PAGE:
NHS warned on £9bn cost of Alzheimer’s breakthroughs

The UK health system is unprepared for potential breakthroughs in the treatment of Alzheimer’s and other forms of dementia that could cost the National Health Service up to £9bn a year, according to new analysis by researchers at the London School of Economics.

The study, which was commissioned by Alzheimer’s Research UK, concluded that “because of the sheer number of people living with dementia, delivering future treatments is likely to pose a significant practical and financial challenge to the current health system”.

Dementia became the leading cause of death for both men and women across the UK last year — the first time that another ailment has caused more deaths than heart disease.

While scientists and pharmaceutical companies have so far failed in their attempts to find a treatment, the researchers said 12 “potentially disease-modifying” medicines for Alzheimer’s — the most common cause of dementia — are now in the final stages of human clinical trials.

They estimate that the medicines could range in cost from about £300m to around £9bn a year for the NHS. The estimates also take into account savings to the wider health and social care system from treatments that might delay the onset of the condition, or postpone further decline.

Jonathan Schott, co-author of the study and professor of neurology at University College London, said the availability of new treatments for Alzheimer’s disease “is a ‘when’ not an ‘if’.”

“Our patients are desperate for treatments,” he said. “When we have a successful trial this will be headline news around the world and the demand will be instant and huge.

Our patients are desperate for treatments. When we have a successful trial this will be headline news around the world and the demand will be instant and huge

Jonathan Schott, University College London

“We need to start planning what is needed to offer our patients treatments before they become available if we are going to serve people well.”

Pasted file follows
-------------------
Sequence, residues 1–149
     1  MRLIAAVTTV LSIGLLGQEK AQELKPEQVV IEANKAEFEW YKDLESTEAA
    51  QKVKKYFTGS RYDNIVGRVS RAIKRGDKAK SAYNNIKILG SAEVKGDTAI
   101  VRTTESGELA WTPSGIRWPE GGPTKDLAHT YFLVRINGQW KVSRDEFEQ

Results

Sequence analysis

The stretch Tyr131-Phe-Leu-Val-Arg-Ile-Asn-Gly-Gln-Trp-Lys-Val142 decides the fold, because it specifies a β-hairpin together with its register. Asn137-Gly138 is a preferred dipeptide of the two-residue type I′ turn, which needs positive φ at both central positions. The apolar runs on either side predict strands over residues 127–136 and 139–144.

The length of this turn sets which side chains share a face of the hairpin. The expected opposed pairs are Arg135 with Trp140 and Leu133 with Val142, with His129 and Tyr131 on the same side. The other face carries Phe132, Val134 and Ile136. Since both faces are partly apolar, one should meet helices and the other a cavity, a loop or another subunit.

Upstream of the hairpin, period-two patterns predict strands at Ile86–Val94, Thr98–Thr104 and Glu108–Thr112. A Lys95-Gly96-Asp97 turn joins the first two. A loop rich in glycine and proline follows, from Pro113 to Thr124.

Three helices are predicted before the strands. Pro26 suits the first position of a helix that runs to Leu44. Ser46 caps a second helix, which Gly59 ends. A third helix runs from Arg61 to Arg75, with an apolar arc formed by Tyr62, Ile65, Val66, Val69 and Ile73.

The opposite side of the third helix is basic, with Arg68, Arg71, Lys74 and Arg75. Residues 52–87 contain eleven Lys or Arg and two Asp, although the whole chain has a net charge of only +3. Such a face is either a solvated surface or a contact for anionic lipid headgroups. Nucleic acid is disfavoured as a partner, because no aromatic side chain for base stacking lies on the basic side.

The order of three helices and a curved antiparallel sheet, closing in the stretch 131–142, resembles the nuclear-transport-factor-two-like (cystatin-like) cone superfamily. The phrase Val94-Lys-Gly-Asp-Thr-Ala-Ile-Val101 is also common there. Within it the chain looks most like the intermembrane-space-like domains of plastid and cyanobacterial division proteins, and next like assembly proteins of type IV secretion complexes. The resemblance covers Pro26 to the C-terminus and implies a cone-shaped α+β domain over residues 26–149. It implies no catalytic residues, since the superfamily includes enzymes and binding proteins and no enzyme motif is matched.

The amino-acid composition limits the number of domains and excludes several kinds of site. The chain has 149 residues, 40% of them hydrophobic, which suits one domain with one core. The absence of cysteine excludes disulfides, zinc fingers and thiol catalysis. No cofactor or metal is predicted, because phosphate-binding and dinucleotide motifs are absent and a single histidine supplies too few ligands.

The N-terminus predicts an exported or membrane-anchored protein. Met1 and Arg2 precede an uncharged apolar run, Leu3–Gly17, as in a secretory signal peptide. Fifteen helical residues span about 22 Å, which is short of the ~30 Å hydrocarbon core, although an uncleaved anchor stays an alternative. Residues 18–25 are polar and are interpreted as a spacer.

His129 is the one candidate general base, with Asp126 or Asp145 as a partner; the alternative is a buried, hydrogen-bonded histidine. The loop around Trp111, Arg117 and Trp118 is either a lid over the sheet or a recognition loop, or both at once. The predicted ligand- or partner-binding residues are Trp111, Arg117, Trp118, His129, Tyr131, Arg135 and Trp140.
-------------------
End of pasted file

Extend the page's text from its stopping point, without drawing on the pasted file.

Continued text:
Prof Schott drew an analogy to stroke care, where clot-busting drugs were introduced that needed to be given to patients within three hours of having a stroke. But the health system was not initially set up to allow for rapid scans and diagnoses.

“It is partly an issue of forward planning and partly an issue of how we develop the services,” he said.

The LSE analysis also questioned whether the current model for evaluating how much the NHS should pay for drugs is suitable for dementia, where both costs and savings may fall outside of the health service’s purview.

Standard assessments by the National Institute for Health and Care Excellence take some social care costs into account, but do not factor informal care, which is often provided to dementia patients by relatives who may have had to give up their own jobs.

Alzheimer’s Research UK wants the government, as well as the NHS and the pharmaceutical industry, to work with it on a joint task force to consider “innovative funding models to help cover the cost of future treatments” and pilot specialist brain health clinics.

Caroline Dinenage, care minister, said the report showed “the scale of the challenge dementia presents not only to individuals and their families, but to wider society”.

“We are determined to lead the world in tackling this disease,” she added.

Separately, Jeremy Hunt, health and social care secretary, called on Tuesday for “a partnership between the state and individuals” to meet the spiralling costs of social care.

He said in a speech in London that a consultative paper on social care, due in the summer, would look at “how we better ‘risk-pool’ for people with more complex care needs that are disproportionately financially affected, as the prime minister promised in the election campaign”.

Last year’s Conservative manifesto proposed individuals retain only £100,000 in assets, with the rest used to fund care costs whether at home or in a care home. But the proposal backfired spectacularly, forcing Theresa May to promise the government would set a cap on the sums middle class households would have to find to fund social care costs.

Source: https://www.ft.com/content/64ed964c-2ba1-11e8-a34a-7e7563b0b0f4

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